Seoraksan & Sokcho

With 3* weekends left in Korea before returning to fabulous England and its awesome new government (extreme sarcasm for the latter) Me and Jen decided to go and hit up the East coast, Gangwon-do province the chosen holiday destination for almost every single student I teach. So we did another wake-up god early, take the subway to the Express bus terminal and purchase return tickets to Sokcho, with the intention of hoiking it around on the beach and taking a wander up Seoraksan, THE mountain range of Korea.

The first thing we learnt was that the guidebooks (Rough Guide & Lonely Planet) lie. On two counts. Firstly that it takes 3/4 hours by bus to reach Sokcho, secondly that its a viable day excursion from Seoul. FIVE HOURS ON THE DELUXE EXPRESS LATER, we pulled up in Sokcho, maybe the torrential rain on the way hindered the journey slightly, or possibly the heavy traffic, but hey ho. We made it! YAY!. I spotted the hotel almost immediately…
Is there any surprise in that?? Umm no. I like pink!.
The decor on the inside was also, well… genius!

The plastic bouquet above the bed, did make me think for a minute that I was on honeymoon… and the mirrored bedhead, WOW!
Anyhow, so after checking into the Hotel/Motel, we went to find the International Tourist Information centre, and figure out if we had enough time to get to Seoraksan and back before it turned dark. The tourist information was based in the biggest most ostentatious glass building in Korea, and was also possibly, the worst tourist information I have been too, considering they pride themselves on being International and helping all nationalities, their English was abismal. however we somehow found a bus stop, we waited for around twenty minutes before discovering that we were on the wrong side of the road, then we gave up and took a cab. 15 minutes later and we were at the base, ready to ascend the mountain. Using our initative we thought, heck why climb when there’s a cable car, so we bought tickets and jumped on. The weather, it wasn’t raining any more, made us slightly nervous about what the view would be from the top, it was thick with cloud and a few minutes from ‘take off’ the cable cars simply dissapeared into oblivion!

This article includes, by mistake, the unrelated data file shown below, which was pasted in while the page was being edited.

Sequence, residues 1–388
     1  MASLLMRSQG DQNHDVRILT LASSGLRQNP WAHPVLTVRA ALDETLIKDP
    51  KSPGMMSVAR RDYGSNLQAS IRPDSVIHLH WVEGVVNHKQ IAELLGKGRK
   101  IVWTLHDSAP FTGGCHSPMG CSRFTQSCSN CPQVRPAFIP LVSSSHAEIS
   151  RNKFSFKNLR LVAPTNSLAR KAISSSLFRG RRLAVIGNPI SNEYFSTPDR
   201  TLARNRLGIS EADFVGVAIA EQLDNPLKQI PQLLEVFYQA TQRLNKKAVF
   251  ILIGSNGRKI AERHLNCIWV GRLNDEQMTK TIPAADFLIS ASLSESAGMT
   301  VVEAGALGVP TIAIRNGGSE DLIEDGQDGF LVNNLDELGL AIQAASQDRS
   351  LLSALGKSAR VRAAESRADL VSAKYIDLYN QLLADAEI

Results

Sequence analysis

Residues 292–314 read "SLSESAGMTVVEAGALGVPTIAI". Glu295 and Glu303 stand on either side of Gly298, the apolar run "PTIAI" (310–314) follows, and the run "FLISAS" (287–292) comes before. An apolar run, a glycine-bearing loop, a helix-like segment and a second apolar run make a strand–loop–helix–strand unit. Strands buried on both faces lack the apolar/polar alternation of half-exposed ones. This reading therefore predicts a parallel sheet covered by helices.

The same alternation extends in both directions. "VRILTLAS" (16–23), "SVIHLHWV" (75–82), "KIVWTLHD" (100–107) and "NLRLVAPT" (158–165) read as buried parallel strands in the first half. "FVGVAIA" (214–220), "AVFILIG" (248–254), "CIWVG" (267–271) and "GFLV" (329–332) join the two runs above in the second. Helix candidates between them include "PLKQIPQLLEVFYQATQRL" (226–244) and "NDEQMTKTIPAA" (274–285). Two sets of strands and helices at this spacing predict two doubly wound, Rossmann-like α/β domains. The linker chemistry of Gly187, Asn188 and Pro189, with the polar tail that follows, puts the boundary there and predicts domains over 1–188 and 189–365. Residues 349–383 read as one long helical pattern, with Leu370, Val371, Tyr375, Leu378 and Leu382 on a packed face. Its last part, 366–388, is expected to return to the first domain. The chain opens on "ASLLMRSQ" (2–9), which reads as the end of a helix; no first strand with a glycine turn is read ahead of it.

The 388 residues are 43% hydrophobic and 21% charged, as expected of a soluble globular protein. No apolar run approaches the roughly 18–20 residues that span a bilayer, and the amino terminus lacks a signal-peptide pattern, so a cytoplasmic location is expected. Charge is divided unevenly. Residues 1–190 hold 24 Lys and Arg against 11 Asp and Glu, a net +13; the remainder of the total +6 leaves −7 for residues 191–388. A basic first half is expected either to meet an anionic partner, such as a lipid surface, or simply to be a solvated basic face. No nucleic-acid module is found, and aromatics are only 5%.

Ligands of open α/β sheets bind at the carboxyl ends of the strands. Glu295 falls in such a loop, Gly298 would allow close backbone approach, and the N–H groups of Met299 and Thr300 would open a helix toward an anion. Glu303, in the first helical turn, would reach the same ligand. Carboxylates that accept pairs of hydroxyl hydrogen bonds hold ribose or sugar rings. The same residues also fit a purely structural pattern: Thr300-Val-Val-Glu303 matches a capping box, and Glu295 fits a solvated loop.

However, luckily, the mountains are so fecking huge, they peaked above the cloudbank, and the view was, putting it mildly, spectacular






After arriving at the top cable car station, we took a wander up to the ‘peak’, Seoraksan has a whole bunch of peaks, this was just one and I can’t remember the name… (insert later, when I have found the information guide!) This involved a mild hike for me, and a slightly more strenuous one for Jen as she decided to go further up a mound of rock, I can do the up, but I am TERRIBLE at the down, so stayed where I was! After hanging out for a while, we then went to investigate a small temple nearby, where we met the lovely resident monk, who was impressed by our templestay and kept telling us about his Buddhist monk friend Mary who lived in Oxford… very cute!

We then made our descent (again by cable car) and went to find the giant stone Buddha, we had seen from the top of the mountain.


Our previous mountain excursion, when we climbed Bukhansan back in the autumn also lead us to a giant Buddha, and this one was equally beautiful, situated again near to ‘Sinheungsa’ another beautiful temple…




By the time we found our way to the bus stop it was getting dark, and we were starting to crave some much anticipated seafood, so we took the bus to Daepohng port ‘Raw fish complex’, where we wandered the strip of harbour gawping at the amount of restaurants and stalls before settling down in a tiny restaurant to a sensational plate of raw fish washed down with beer. It was freshest fish I have ever eaten, from swimming to stomach in less than 5 minutes.






After wandering the market for a few hours atleast, we then decided to purchase some of the freshly made local dish ‘Ojeondae Sundae’ – aka stuffed squid – looked amazing, and lets be honest squid and anything is nearly always a taste sensation, the idea was to grab some beers and head back to the hotel… a trip to familymart meant the beer was upgraded to Strawberry wine and eating our umm second dinner in that sensational hotel room was pretty amazing.



The next day, we took a walk up the seafront (well actually the dual carriageaway parallel to the seafront) towards Abai village, the former landing point of North Koreans, which turned itself into a North Korean refugee camp so to speak and to the beach where we spent a few hours chilling out, dipping our toes in the sea etc





We then headed back to the bus terminal, via e-mart and a restaurant to indulge in another meal of the lucious ‘Squid Sundae’. Once board the bus, it took another 5 hours through heavy traffic, two subways and the trusty 9710 bus to get us back to Munsan. Essentially a fabulous final roadtrip!
*I know only have two weekends left…EEEEEKKKKK
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